The decision to put oneself in a perilous position for defense of country is an honorable one; its virtues are almost self-evident. Such a choice requires, among other things, selflessness, courage, and an unflinching sense of responsibility. Those non-serving citizens among us (myself included) make a calculatedly feckless position: we know that certain things need to be done, but we don’t want to do them.
Such men and women that voluntarily serve, thus, deserve our admiration. But our notions of how to “support” them are entirely wrong, having been intentionally co-opted by an immoral ruling elite.
This weekend we will perform well-practiced rituals: we’ll wave American flags, thank the troops for their service, and honor them in ceremonies. Is this truly the support they deserve? Not if your notion of support has anything to do with troops’ actual well-being or livelihood.
Since World War II every war America has involved itself in has fundamentally been a war of choice. Korea, Vietnam, Iraq part I and II, Afghanistan, and all the smaller actions in-between were in no way vital to the survival of the republic. Foreign policy elites worked with Congressional policymakers to sell the public various rationales for why sacrificing the lives of our brothers and sisters was necessary.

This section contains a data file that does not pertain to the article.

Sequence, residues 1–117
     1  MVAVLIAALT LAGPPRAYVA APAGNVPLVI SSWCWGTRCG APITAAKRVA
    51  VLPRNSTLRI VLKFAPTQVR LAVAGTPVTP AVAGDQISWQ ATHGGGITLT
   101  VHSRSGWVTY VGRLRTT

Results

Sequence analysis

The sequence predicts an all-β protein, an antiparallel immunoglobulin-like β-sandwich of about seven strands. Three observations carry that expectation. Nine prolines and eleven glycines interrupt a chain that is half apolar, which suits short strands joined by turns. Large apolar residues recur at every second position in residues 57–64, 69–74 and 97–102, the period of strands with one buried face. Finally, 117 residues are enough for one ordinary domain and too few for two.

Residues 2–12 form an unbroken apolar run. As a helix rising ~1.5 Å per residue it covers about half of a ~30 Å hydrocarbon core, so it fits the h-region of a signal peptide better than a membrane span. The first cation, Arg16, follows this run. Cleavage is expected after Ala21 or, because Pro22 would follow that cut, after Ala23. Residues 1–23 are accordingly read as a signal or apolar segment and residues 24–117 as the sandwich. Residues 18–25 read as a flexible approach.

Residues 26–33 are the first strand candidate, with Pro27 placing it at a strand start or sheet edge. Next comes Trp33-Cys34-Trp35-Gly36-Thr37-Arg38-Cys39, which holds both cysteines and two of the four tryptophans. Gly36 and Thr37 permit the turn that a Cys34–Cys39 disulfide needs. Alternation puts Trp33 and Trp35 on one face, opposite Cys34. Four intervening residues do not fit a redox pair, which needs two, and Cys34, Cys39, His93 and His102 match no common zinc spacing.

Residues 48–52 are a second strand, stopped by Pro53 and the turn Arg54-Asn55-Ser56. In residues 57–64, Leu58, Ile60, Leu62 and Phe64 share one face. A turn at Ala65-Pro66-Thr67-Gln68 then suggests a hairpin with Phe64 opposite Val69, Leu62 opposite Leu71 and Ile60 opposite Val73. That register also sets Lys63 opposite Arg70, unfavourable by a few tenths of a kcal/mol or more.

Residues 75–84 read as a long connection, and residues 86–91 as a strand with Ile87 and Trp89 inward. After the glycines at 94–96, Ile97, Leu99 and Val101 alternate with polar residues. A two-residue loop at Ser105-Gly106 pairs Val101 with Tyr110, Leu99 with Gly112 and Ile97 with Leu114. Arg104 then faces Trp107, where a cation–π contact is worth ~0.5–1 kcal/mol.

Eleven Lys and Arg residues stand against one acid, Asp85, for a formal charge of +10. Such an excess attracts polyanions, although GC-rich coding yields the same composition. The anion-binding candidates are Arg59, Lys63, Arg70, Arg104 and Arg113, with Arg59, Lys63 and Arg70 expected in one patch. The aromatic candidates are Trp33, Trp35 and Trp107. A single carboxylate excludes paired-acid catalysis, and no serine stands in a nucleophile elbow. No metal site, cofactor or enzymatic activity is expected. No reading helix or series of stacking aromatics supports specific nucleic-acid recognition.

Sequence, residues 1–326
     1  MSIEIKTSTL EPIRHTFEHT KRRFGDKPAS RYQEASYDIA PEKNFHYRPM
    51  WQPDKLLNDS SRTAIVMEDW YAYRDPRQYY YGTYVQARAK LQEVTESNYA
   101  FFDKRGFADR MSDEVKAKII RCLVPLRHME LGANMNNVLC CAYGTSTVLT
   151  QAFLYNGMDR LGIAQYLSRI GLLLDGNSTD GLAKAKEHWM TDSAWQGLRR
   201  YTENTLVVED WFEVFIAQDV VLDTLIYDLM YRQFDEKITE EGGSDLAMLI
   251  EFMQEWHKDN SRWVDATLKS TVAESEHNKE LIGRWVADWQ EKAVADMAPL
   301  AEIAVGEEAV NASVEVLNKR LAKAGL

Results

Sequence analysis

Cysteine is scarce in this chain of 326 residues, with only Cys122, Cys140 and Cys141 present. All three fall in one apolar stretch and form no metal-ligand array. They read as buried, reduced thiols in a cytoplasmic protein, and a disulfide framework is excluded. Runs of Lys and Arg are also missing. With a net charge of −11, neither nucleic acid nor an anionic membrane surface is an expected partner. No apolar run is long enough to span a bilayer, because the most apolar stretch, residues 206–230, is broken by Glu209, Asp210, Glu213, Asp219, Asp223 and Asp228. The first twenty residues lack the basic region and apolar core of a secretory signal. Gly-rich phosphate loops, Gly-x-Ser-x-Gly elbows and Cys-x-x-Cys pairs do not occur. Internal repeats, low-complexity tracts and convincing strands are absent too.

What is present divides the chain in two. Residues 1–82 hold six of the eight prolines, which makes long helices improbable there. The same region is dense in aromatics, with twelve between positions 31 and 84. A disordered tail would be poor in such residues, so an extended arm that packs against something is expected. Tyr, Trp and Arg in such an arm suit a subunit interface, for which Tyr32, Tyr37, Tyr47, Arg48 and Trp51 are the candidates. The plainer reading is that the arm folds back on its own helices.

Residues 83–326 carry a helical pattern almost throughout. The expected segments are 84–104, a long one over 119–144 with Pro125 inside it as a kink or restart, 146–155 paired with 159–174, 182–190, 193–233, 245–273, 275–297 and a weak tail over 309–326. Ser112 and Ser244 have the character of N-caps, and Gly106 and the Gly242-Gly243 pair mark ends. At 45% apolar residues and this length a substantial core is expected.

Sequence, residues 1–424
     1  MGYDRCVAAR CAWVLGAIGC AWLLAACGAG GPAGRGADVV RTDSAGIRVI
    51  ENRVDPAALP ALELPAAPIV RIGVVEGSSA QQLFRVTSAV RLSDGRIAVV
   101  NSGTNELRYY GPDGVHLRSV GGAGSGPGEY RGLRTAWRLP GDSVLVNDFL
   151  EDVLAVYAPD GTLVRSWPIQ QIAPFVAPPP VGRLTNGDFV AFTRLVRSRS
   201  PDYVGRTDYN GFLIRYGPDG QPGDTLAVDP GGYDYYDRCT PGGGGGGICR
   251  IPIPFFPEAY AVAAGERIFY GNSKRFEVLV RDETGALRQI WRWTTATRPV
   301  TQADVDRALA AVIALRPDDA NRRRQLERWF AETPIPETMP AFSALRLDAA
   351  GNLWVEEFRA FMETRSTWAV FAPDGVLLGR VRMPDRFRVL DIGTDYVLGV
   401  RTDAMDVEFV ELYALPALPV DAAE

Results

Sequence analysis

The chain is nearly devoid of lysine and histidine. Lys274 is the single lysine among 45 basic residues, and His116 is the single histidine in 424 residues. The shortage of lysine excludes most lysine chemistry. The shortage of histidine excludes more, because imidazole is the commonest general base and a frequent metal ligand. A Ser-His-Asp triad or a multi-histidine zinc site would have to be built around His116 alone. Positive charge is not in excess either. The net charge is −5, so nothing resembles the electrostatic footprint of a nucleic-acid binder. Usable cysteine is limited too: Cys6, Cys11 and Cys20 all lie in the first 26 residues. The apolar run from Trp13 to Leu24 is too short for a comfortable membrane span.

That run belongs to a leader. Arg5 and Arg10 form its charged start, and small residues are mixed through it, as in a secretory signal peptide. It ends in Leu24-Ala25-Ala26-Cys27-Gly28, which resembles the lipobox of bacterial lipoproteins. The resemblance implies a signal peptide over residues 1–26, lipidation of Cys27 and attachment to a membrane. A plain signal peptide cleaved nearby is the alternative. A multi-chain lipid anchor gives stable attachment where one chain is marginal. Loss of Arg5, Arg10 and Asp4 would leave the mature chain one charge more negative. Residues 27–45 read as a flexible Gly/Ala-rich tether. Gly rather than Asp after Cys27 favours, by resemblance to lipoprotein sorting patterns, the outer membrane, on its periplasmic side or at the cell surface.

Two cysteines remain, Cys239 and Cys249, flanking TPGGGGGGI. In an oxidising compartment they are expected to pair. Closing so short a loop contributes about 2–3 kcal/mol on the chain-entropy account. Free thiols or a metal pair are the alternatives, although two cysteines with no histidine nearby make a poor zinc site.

It is impossible to determine whether such policymakers thought they were acting in the country’s best interest. What is undeniable is that, removed from danger themselves, they failed to properly balance the extremely high cost of action against the largely-theoretical, often completely bogus benefits. Said another way: in all wars we know that people will undergo indescribable physical and emotional pain, and that all too many will perish. Conversely, we certainly do not know if preventing a unified Communist Korea or Vietnam, denying a Baathist dictator access to oil, or occupying a territory tangentially linked to Osama bin Laden will better the country’s long-term global position.
So how do we really support the troops? We demand that our government only sends them into harm’s way for issues undeniably and directly related to the survival of our country. There are cases when military might must be used; these cases are few and far between, but should nonetheless be met with massive force. But however tragic, if actions in another country won’t cripple our ability to run affairs here at home, then they are not worth fighting for.
I support the troops by wanting to keep them home, and alive.